Virtually no one in the United States approves of the Republican Party’s fiscal priorities (beyond the donors and interest groups who dictate them).
The notion that the federal government should not intervene in the health-care market to guarantee universal affordability — which is to say, that it should not make the healthy and rich subsidize care for the sick and the poor — is deeply unpopular. Most Americans would rather violate the tenets of Ayn Rand’s philosophy than allow insurance companies to condemn working-class cancer patients to preventable deaths.
Similarly, most Americans did not look at their nation’s economy last year — with its record-high corporate profits, stagnant wage growth, and steadily growing population of retirees dependent on Social Security benefits — and think: “Congress’s top priority should be to increase the net worth of corporate shareholders and business owners by awarding them hundreds of billions in deficit-financed tax cuts.”
For these reasons, when Republicans tried to sell the public on their “make health care less affordable for the many, so as to make equities more valuable for the few” agenda last year, they did not describe it in those terms. Rather, most opted to grossly misrepresent what their policy goals actually were.
Take Trump’s first Health Secretary Tom Price. In advocating for the president’s health-care bill last June, Price insisted that the goal of the legislation was to bring down health-care costs for all Americans (as opposed to clearing budget space for supply-side tax cuts). As an example of how the bill would accomplish this, Price cited its repeal of Obamacare’s individual mandate.
“Well, the individual mandate is one of those things that actually is driving up the cost for the American people in terms of coverage,” Price told ABC News. “So what we’re trying to do is make it so Obamacare is no longer harming the patients of this land. No longer driving up costs. No longer making it so they’ve got coverage, but no care. And the individual mandate is one of those things.”
Now, the individual mandate was one of the few genuinely unpopular parts of Obamacare. But there is broad public support for the policy’s core function: By imposing a tax penalty on adults who went without insurance, the mandate encouraged healthy Americans to enter the insurance marketplace, and thus, helped bring down premiums for the sick.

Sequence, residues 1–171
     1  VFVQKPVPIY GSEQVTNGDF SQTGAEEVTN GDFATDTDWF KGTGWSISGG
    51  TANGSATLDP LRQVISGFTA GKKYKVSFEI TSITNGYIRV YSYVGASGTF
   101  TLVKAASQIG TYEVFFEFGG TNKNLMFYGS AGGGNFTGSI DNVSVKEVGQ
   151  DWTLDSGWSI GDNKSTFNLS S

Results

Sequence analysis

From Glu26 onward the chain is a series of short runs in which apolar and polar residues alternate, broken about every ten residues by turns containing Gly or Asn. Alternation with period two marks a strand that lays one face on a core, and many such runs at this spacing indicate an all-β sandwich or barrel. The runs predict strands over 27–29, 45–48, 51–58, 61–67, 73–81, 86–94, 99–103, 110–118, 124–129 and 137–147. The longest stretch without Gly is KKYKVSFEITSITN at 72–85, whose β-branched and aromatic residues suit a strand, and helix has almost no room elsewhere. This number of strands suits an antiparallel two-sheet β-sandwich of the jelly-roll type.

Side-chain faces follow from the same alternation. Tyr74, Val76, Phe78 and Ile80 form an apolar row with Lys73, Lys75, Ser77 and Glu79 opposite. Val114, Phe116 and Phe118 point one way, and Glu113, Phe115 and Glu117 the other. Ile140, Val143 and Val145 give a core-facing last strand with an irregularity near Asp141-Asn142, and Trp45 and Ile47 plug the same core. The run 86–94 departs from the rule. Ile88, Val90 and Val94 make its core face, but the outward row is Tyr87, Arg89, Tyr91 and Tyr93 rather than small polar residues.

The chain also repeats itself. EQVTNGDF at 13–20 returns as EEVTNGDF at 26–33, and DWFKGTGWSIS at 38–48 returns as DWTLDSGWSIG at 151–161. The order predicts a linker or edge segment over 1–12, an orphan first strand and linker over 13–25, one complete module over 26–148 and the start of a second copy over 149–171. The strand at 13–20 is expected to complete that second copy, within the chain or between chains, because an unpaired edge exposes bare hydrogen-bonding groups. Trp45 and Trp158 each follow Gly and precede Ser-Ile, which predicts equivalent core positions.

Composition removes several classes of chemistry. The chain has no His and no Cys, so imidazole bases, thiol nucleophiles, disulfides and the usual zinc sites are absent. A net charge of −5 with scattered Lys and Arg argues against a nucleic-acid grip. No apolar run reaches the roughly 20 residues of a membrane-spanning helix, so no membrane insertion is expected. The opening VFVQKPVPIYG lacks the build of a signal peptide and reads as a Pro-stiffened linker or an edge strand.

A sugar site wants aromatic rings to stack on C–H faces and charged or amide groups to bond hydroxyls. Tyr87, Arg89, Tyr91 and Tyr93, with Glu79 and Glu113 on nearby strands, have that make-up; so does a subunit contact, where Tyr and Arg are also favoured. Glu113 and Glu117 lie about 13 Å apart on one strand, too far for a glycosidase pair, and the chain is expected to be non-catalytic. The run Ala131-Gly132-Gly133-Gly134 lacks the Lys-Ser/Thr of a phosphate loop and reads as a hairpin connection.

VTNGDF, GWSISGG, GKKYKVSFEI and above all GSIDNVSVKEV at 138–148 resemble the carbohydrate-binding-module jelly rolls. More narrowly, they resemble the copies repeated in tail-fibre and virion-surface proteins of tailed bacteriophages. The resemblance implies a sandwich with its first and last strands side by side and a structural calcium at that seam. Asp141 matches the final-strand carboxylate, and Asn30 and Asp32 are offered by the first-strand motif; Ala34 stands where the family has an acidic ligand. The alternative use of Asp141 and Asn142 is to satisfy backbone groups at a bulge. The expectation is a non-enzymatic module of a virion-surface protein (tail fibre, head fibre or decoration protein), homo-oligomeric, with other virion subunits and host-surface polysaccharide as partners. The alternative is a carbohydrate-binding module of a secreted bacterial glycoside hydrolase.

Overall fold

Price didn’t claim that the individual mandate actually worked to increase premiums because he was confused about the facts; he did so because it was politically inadvisable to share those facts with the public. But don’t take my word for it — take his:
Former Health and Human Services Secretary Tom Price used to say that Obamacare’s individual mandate increased health-care costs. Now he’s saying Congress’ decision to repeal it could actually increase costs.
… “There are many, and I am one of them, who believes that that actually will harm the pool in the exchange market because you’ll likely have individuals who are younger and healthier not participating in that market,” he said. “And, consequently, that drives up the cost for other folks in that market.”
As Vox’s Dylan Scott notes, in this instance, the Price is right:
Right now, Dave Dillon with the Society of Actuaries is projecting a 2.5 to 7.5 percent increase for 2019 rates because of the mandate’s repeal. The Urban Institute, combining the mandate’s repeal with President Trump’s expansion of skimpier short-term plans, estimates that premiums will rise by nearly 20 percent on average nationwide.
And Republicans were no more forthright in their arguments for the Trump tax cuts. The president and his party insisted that their number-one priority on tax reform was to help the American worker. To reconcile their “middle-class tax cut” branding with their bill’s regressive substance, Republicans insisted that showering cash on corporations was the most efficient way to stimulate job creation and wage growth. Marco Rubio voted for a bill that was sold on these terms — after campaigning for the presidency on a plan that was broadly similar.
In an interview with The Economist last week, Rubio confessed that the official rationale for his party’s corporate tax cut was bogus.
“There is still a lot of thinking on the right that if big corporations are happy, they’re going to take the money they’re saving and reinvest it in American workers,” Rubio said in. “In fact they bought back shares, a few gave out bonuses; there’s no evidence whatsoever that money’s been massively poured back into the American worker.”
Rubio is right. As Vox’s Emily Stewart notes:
A Bloomberg analysis found that about 60 percent of tax cut gains will go to shareholders, compared to 15 percent for employees. A Morgan Stanley survey found that analysts estimate 43 percent of tax cut savings will go to stock buybacks and dividends, while 13 percent will go to pay raises, bonuses, and employee benefits. Just Capital’s analysis of 121 Russell 1000 companies found that 57 percent of tax savings will go to shareholders, compared to 20 percent directed to job creation and capital investment and 6 percent to workers.
Surely, Rubio’s inconsistency on this score wasn’t the product of cowardly mendacity, but simply an honest mistake: After all, it’s not like there were any historical precedents the Florida senator could have consulted before parroting his party’s supply-side gospel last year.